Classic Linguine alle Vongole

Linguine alle Vongole is a classic Italian dish that is surprisingly simple to make.  It may look overwhelming to put together, but I promise you, this dish is so easy to throw together on a weeknight or to enjoy any time!

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When I was in college, I worked at an Italian restaurant in Providence, RI that was famous for their linguine with clams - it was even featured on a Food Network TV show!  They offered red or white sauce, and if you know what's best for you, you order the white sauce.  Red sauce is good I guess, but white sauce is out of this world.

The rich, buttery, white wine sauce leaves you scrambling for some bread to sop it all up when you're done, even after you just inhaled an entire plate of pasta.  The only problem is that if I ate that dish these days, I wouldn't be feeling light as air and walking on clouds...it's quite a heavy dish!  So I made it my mission to make my own healthier version.

Linguine alle vongole is Italian for linguine with clams, and is very popular in coastal regions of Italy.  This is also a very popular dish here in America, and another great way to cook your catch here in New England on Cape Cod.  

This recipe is wonderful to serve on a cool summer evening, along with crusty grilled bread and a big salad.  I can picture it already - the outdoor table set, the lanterns lit, the sun setting, the birds chirping, a bottle of white wine chilling and a big ole bowl of spaghetti alle vongole about to be devoured.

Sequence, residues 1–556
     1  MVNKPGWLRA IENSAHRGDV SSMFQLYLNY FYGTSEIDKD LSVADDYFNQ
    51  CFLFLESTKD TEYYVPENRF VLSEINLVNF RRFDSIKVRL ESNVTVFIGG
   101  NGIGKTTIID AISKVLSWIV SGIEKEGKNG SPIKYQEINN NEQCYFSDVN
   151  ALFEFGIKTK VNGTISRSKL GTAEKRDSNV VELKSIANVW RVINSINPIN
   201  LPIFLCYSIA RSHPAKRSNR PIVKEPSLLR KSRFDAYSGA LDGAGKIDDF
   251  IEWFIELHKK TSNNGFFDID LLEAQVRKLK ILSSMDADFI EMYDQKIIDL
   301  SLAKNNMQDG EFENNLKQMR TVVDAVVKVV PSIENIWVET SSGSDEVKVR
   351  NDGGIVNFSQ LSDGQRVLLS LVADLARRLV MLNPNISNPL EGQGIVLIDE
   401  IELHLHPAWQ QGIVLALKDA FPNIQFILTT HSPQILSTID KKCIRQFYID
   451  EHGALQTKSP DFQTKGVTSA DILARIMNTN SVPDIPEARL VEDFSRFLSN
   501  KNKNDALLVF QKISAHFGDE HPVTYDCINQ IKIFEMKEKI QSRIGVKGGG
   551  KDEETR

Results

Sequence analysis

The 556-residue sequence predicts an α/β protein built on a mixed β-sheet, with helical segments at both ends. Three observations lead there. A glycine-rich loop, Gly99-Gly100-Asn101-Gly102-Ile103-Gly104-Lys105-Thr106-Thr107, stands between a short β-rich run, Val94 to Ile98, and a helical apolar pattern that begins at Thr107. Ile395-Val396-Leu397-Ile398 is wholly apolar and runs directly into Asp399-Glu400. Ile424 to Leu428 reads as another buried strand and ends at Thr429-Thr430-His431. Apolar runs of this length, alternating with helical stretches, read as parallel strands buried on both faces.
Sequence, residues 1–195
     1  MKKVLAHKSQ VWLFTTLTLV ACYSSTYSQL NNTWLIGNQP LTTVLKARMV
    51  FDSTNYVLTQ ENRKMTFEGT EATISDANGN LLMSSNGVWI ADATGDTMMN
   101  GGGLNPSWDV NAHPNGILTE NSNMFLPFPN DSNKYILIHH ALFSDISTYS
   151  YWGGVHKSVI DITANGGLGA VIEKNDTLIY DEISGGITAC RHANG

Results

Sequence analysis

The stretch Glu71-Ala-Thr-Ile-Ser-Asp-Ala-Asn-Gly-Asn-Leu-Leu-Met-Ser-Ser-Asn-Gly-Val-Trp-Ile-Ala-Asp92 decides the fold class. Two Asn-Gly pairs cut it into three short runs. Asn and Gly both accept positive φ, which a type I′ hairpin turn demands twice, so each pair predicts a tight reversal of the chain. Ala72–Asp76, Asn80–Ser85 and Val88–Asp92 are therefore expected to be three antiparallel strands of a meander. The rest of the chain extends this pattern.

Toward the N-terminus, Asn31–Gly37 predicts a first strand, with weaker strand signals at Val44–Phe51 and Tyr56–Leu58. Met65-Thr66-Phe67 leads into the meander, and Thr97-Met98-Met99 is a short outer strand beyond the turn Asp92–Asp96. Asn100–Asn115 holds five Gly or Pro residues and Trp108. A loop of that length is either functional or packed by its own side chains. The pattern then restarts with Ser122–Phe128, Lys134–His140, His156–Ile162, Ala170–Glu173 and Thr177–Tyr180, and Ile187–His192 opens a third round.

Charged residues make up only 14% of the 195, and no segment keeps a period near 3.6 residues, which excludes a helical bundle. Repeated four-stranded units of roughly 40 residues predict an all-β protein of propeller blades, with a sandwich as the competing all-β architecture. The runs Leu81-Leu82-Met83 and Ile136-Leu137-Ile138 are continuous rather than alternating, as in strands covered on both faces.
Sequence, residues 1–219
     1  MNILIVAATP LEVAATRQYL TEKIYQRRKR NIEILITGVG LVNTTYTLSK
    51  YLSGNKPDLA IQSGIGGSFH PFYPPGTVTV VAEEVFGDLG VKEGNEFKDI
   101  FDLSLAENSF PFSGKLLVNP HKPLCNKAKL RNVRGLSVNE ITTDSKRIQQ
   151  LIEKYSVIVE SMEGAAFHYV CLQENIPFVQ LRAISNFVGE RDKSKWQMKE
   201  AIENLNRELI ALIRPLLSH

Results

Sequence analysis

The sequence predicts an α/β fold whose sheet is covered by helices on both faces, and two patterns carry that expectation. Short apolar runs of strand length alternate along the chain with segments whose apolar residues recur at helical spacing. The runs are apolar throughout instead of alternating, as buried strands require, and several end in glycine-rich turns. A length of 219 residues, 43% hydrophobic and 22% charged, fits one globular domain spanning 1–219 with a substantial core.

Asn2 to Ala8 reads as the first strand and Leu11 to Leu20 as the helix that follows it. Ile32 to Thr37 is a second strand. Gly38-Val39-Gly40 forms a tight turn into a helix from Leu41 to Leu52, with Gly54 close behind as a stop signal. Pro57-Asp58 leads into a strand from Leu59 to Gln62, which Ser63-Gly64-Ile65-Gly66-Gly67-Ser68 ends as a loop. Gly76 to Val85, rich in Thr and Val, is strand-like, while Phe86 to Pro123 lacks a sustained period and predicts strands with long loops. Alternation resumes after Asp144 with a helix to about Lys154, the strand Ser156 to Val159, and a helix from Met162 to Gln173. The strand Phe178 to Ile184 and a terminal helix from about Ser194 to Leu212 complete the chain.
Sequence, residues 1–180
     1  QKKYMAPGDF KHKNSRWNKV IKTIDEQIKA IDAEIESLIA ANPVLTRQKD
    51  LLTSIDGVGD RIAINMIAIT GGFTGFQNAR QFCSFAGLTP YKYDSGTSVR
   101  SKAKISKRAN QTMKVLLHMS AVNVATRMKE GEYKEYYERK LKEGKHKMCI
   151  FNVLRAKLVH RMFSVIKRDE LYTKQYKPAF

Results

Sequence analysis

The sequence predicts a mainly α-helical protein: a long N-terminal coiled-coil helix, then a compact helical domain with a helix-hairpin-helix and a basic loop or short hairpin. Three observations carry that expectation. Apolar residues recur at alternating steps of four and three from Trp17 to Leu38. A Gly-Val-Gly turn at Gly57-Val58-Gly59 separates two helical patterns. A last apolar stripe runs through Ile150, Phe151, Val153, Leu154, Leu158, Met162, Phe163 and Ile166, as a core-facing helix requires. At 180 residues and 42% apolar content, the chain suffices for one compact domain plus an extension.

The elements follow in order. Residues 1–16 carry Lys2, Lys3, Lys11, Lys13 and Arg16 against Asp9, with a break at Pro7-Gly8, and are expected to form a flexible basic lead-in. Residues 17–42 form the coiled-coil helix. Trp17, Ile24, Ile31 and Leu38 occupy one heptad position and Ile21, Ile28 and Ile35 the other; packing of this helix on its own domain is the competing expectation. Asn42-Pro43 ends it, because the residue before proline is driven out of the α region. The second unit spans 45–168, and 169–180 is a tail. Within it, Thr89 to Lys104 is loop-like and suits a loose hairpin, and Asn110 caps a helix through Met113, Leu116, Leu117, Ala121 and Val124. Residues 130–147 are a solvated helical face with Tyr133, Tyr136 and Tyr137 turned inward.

How to Make a Vongole

It's important to remember that Italian food is meant to be simple.  Simple, fresh ingredients are what make Italian food so wonderful, so don't go thinking you'll have to spend a fortune to make this dish!  

To start, you'll want to get yourself some fresh littleneck clams from the market.  A pound of littlenecks should only take you back about $5.  When you get home, put them in a strainer and wash and scrub the shells.

I like to add in extra clam meat to my sauce, so I like to purchase canned chopped clams to bulk it up.  I only buy the Bar Harbor chopped clams from Maine, not only because they taste fresher than other brands, but also because I know they're local to me.

If you don't want to use canned chop clams, then plan to double or even triple the poundage of littleneck clams at the market, and then pick up a bottle of clam juice (Bar Harbor makes a great clam juice as well).  

The other ingredients that make a vongole sauce is fresh garlic cloves, fresh flat leaf parsley, and a good white wine.  I also love a little spice in my dishes, so a pinch of red pepper flakes is added to my sauce as well, but that is optional.  

Make sure to also try to find fresh pasta instead of dried and boxed versions.  You'll want to make sure whatever pasta you're using is cooked al-dente, however fresh pasta will just have that really good bite to it, with a slight chewiness that really holds up nicely to the sauce.

Once the pasta is done and the sauce has simmered to the point that the clam shells have opened, toss everything together in the same pan before serving.  This lets the pasta absorb some of the juices in the sauce before it hits your plate, giving you even more flavor.

I hope you enjoy this dish as much as we did!  

You can view the recipe below or click here to print.  This is intended to serve 4 people and should take you about 20 minutes to throw it all together.  Enjoy!

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